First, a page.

Fair Warning – Michael Connelly

She liked his car. It was the first time she had been in an electric. All she could hear was the wind as they cut through the night. “So quiet,” she said. Only two words and she had slurred them. The third Cosmo had done something to her tongue. “It’ll sneak up on you,” the driver said. “That’s for sure.” He looked over at her and smiled. But she thought he was just checking on her because she had messed up her words. He then turned and nodded through the windshield. “We’re here,” he said. “Is there parking?” “You can park behind my car,” she said. “I have two spaces in the garage but they’re like … one behind the other. Totem, I think it’s called.

” “Tandem?” “Oh, right, right. Tandem.” She started to laugh at her mistake, a spiral laugh she couldn’t get out of. The Cosmos again. And the drops from the green pharmacy she took before heading out in the Uber that night. The man lowered his window and crisp evening air invaded the comfort of the car. “Can you remember the combo?” he asked. Tina pulled herself up in the seat so she could look around better and get her bearings. She recognized that they were already outside the garage gate at her apartment. That didn’t seem right.

She could not remember telling him where she lived. “The combo?” he asked again. The keypad was on the wall and within reach from the driver’s window. She realized that she knew the combo that would open the gate but she could not remember the name of the man she had chosen to take home. “4-6-8-2-5.” As he punched the numbers in she tried not to laugh again. Some guys really hated that. They entered the garage and she pointed to the spot where he could pull in behind her Mini. Soon they were on the elevator and she pushed the correct button and then leaned into him for support. He put his arm around her and held her up.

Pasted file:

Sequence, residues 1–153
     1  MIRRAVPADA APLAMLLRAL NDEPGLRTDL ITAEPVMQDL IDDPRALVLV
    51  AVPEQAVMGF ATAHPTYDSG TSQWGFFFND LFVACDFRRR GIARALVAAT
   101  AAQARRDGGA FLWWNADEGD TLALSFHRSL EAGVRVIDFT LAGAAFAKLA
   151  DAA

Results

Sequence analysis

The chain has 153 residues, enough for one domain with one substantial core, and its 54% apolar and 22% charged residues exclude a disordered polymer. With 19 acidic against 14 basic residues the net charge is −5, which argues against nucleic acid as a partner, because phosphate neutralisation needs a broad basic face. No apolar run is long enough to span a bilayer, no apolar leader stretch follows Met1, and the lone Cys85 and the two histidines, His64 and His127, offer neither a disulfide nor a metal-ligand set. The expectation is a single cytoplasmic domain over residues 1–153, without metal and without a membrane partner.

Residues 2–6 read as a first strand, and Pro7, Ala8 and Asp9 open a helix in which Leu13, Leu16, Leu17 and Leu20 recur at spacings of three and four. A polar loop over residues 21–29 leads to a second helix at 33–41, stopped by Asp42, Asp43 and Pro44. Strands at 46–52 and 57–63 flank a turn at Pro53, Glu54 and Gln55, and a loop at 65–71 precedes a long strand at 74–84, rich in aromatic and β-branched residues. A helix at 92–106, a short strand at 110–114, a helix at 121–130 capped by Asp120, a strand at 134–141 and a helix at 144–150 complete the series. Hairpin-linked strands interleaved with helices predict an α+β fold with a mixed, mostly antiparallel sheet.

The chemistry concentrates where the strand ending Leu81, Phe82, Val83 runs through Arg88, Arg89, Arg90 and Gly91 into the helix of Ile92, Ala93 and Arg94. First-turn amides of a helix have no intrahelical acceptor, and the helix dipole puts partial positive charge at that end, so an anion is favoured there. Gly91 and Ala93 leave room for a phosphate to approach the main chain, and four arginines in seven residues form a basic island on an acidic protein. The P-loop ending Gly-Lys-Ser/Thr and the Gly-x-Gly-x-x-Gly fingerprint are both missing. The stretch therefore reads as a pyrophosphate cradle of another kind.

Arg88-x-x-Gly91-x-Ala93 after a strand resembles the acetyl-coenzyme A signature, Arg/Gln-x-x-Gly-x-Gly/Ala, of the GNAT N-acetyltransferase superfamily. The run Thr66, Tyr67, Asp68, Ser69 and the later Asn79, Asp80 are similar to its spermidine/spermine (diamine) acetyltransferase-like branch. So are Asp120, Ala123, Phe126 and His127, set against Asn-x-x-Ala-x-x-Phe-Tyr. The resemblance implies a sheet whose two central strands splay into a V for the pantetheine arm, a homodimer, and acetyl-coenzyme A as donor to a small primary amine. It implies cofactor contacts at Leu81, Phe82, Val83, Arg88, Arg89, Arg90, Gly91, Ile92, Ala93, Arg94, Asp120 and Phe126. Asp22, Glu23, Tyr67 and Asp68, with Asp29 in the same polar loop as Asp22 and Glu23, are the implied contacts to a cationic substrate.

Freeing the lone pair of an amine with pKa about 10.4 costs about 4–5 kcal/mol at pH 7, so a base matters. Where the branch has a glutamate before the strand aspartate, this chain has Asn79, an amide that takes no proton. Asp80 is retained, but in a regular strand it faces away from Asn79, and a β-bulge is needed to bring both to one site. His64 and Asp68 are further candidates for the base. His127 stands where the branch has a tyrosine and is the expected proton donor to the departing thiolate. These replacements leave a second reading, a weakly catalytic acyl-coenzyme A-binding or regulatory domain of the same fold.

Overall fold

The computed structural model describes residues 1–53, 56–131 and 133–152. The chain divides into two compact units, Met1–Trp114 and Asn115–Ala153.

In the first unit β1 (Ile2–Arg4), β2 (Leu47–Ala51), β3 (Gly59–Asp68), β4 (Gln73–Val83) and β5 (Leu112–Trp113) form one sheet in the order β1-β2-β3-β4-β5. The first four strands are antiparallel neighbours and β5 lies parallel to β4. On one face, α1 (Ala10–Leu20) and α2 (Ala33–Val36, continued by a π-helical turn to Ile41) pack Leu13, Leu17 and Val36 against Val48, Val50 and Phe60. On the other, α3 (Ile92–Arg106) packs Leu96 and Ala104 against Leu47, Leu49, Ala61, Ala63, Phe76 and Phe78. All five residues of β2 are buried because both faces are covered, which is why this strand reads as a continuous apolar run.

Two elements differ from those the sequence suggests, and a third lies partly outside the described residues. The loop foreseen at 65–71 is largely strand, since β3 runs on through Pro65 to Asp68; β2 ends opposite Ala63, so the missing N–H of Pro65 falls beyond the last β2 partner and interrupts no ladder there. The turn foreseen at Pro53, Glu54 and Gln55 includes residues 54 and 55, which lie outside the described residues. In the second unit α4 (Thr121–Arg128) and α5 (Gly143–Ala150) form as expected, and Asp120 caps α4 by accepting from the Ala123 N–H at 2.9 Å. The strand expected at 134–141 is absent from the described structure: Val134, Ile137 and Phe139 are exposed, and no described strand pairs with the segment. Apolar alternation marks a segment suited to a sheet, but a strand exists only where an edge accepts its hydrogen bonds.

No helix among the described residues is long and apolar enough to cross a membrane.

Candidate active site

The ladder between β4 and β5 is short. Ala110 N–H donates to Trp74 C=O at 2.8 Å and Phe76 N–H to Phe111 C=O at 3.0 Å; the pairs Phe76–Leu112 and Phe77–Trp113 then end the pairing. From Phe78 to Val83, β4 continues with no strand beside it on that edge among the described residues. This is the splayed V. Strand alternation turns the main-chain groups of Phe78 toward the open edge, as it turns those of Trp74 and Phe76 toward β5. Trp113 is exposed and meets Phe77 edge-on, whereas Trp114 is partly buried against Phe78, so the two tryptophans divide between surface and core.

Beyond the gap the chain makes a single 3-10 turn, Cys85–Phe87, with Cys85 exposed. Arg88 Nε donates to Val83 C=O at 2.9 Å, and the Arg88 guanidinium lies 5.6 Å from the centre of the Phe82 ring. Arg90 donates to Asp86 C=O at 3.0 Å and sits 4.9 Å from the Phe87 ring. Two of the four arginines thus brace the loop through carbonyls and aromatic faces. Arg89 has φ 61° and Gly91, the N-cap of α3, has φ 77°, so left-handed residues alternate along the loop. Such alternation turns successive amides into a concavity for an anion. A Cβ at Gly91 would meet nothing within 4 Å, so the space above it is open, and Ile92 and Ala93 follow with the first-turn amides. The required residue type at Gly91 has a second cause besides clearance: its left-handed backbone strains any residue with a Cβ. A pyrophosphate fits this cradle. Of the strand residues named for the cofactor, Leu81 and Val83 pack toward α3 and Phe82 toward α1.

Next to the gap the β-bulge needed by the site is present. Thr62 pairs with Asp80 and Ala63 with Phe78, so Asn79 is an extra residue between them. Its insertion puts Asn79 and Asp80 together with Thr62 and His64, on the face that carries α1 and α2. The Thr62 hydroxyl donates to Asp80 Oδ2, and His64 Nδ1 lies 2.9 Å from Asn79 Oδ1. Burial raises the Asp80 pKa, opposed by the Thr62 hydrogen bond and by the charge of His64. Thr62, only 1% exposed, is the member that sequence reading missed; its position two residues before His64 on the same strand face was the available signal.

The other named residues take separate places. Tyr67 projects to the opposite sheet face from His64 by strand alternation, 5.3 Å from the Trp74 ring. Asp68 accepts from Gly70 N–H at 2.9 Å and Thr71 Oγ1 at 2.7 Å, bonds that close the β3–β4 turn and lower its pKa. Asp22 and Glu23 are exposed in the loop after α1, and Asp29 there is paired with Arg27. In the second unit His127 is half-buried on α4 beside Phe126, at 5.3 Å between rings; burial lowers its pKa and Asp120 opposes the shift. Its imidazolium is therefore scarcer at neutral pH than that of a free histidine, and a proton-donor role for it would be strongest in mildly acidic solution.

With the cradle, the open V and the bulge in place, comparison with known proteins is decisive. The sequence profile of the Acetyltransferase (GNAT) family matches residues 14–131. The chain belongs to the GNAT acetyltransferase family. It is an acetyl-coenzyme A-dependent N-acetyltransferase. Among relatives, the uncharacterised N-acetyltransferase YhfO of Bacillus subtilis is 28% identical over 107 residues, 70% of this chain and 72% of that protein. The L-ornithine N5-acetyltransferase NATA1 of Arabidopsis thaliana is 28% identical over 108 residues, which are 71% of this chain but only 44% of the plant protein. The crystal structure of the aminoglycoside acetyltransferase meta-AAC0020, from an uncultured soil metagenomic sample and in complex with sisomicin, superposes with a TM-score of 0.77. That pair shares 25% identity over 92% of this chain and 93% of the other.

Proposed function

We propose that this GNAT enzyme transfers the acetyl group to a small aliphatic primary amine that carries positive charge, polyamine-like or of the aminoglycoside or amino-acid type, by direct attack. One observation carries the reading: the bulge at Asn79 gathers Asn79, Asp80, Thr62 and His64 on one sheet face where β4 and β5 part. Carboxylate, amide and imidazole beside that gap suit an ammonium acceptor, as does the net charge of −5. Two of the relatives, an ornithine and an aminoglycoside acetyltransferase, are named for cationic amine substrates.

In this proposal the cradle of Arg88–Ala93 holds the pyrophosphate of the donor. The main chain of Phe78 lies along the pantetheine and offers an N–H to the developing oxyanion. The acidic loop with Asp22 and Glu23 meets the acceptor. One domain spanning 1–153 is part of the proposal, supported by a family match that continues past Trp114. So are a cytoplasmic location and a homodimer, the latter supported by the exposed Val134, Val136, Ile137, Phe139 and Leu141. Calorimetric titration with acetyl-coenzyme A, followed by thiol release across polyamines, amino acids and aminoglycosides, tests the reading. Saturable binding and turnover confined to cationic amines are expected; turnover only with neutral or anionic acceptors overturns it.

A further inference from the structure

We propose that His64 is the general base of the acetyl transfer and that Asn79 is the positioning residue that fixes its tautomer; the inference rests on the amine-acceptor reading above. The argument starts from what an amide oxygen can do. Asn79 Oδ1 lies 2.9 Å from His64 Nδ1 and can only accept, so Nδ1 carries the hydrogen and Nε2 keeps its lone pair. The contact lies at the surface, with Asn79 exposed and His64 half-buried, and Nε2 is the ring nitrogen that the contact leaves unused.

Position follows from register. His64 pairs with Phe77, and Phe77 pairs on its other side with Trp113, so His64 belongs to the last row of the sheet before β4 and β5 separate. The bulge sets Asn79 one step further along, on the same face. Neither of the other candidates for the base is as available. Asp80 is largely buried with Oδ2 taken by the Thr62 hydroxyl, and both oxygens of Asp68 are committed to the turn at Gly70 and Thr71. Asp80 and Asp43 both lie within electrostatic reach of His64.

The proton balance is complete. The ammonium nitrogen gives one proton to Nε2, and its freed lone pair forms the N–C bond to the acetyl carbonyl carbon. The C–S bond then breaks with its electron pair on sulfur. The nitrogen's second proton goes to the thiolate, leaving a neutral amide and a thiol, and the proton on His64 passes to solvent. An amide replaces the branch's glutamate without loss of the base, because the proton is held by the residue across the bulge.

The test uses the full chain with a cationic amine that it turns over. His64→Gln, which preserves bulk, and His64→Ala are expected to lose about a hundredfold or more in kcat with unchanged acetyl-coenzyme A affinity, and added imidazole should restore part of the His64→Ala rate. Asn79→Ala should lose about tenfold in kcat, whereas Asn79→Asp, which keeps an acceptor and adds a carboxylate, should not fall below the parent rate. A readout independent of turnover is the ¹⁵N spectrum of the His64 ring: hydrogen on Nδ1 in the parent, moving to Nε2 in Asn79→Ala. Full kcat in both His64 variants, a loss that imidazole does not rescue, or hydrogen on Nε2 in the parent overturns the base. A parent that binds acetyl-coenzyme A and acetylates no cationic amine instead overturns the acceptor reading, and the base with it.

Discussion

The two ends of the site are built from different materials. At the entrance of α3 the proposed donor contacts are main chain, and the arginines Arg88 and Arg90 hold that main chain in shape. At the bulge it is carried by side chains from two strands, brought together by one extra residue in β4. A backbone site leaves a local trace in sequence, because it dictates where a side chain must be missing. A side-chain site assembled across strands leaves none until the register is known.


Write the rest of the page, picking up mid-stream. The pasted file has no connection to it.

“Do you have a nickname?” she asked. “What do you mean?” he asked. “Like, what do people call you? You know, for fun.” He shook his head. “I guess they just call me by my name,” he said. No help there. She dropped it. She could figure out his name later, but the truth was she probably wouldn’t need it. There would be no later. There almost never was.

The door opened on the third floor and she led him into the hallway. Her apartment was two doors down. The sex was good but not extraordinary. The only thing unusual was that he didn’t push back against her requirement of a condom. He had even brought his own. Kudos for that but she still thought he would be a one-timer. The search for that indescribable thing that would fill up the emptiness inside would go on. After he flushed the condom he got back into bed with her. She was hoping for an excuse—early start in the morning, wife waiting at home, anything—but he wanted to get back in bed and cuddle. He roughly moved in behind her and turned her so her back was against his chest.

He had shaved himself and she could feel the tiny spikes of returning hair pricking her back. “You know …” She got no further with the complaint. He pivoted his body and now she was on her back completely on top of him. His chest was like sandpaper. His arm came around from behind her and he bent it at the elbow into a V. He then used his free hand to push her neck into the V. He tightened his arms and she felt her air passages collapse. She could not yell for help. She had no air to make a sound. She struggled but her legs were tangled in the sheets and he was too strong.